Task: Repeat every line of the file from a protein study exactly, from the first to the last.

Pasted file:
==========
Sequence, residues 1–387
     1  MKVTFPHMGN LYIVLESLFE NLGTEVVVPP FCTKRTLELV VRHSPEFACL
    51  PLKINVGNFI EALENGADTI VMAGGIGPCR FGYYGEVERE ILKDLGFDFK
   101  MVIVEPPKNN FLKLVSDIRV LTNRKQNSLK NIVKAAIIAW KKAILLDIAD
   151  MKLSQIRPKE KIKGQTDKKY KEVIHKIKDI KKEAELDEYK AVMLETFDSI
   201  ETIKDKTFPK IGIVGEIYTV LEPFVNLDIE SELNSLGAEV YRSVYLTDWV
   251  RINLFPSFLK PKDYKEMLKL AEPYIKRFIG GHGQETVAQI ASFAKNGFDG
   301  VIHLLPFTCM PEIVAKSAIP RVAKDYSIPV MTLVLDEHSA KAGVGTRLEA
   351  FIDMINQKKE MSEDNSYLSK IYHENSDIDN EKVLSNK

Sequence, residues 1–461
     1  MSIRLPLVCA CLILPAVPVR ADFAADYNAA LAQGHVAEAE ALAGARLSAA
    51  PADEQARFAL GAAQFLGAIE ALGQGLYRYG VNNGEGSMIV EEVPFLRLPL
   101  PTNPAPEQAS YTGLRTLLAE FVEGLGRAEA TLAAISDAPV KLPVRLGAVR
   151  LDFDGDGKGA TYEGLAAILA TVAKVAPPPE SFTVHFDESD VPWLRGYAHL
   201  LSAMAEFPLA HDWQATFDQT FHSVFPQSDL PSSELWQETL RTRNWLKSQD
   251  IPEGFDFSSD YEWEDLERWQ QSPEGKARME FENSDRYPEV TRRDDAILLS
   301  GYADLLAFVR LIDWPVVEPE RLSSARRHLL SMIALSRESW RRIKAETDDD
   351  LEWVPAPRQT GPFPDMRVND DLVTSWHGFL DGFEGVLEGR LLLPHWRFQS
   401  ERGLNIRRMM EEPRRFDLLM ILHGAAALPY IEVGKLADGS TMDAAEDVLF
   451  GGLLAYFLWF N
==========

Sequence, residues 1–387
     1  MKVTFPHMGN LYIVLESLFE NLGTEVVVPP FCTKRTLELV VRHSPEFACL
    51  PLKINVGNFI EALENGADTI VMAGGIGPCR FGYYGEVERE ILKDLGFDFK
   101  MVIVEPPKNN FLKLVSDIRV LTNRKQNSLK NIVKAAIIAW KKAILLDIAD
   151  MKLSQIRPKE KIKGQTDKKY KEVIHKIKDI KKEAELDEYK AVMLETFDSI
   201  ETIKDKTFPK IGIVGEIYTV LEPFVNLDIE SELNSLGAEV YRSVYLTDWV
   251  RINLFPSFLK PKDYKEMLKL AEPYIKRFIG GHGQETVAQI ASFAKNGFDG
   301  VIHLLPFTCM PEIVAKSAIP RVAKDYSIPV MTLVLDEHSA KAGVGTRLEA
   351  FIDMINQKKE MSEDNSYLSK IYHENSDIDN EKVLSNK

Sequence, residues 1–461
     1  MSIRLPLVCA CLILPAVPVR ADFAADYNAA LAQGHVAEAE ALAGARLSAA
    51  PADEQARFAL GAAQFLGAIE ALGQGLYRYG VNNGEGSMIV EEVPFLRLPL
   101  PTNPAPEQAS YTGLRTLLAE FVEGLGRAEA TLAAISDAPV KLPVRLGAVR
   151  LDFDGDGKGA TYEGLAAILA TVAKVAPPPE SFTVHFDESD VPWLRGYAHL
   201  LSAMAEFPLA HDWQATFDQT FHSVFPQSDL PSSELWQETL RTRNWLKSQD
   251  IPEGFDFSSD YEWEDLERWQ QSPEGKARME FENSDRYPEV TRRDDAILLS
   301  GYADLLAFVR LIDWPVVEPE RLSSARRHLL SMIALSRESW RRIKAETDDD
   351  LEWVPAPRQT GPFPDMRVND DLVTSWHGFL DGFEGVLEGR LLLPHWRFQS
   401  ERGLNIRRMM EEPRRFDLLM ILHGAAALPY IEVGKLADGS TMDAAEDVLF
   451  GGLLAYFLWF N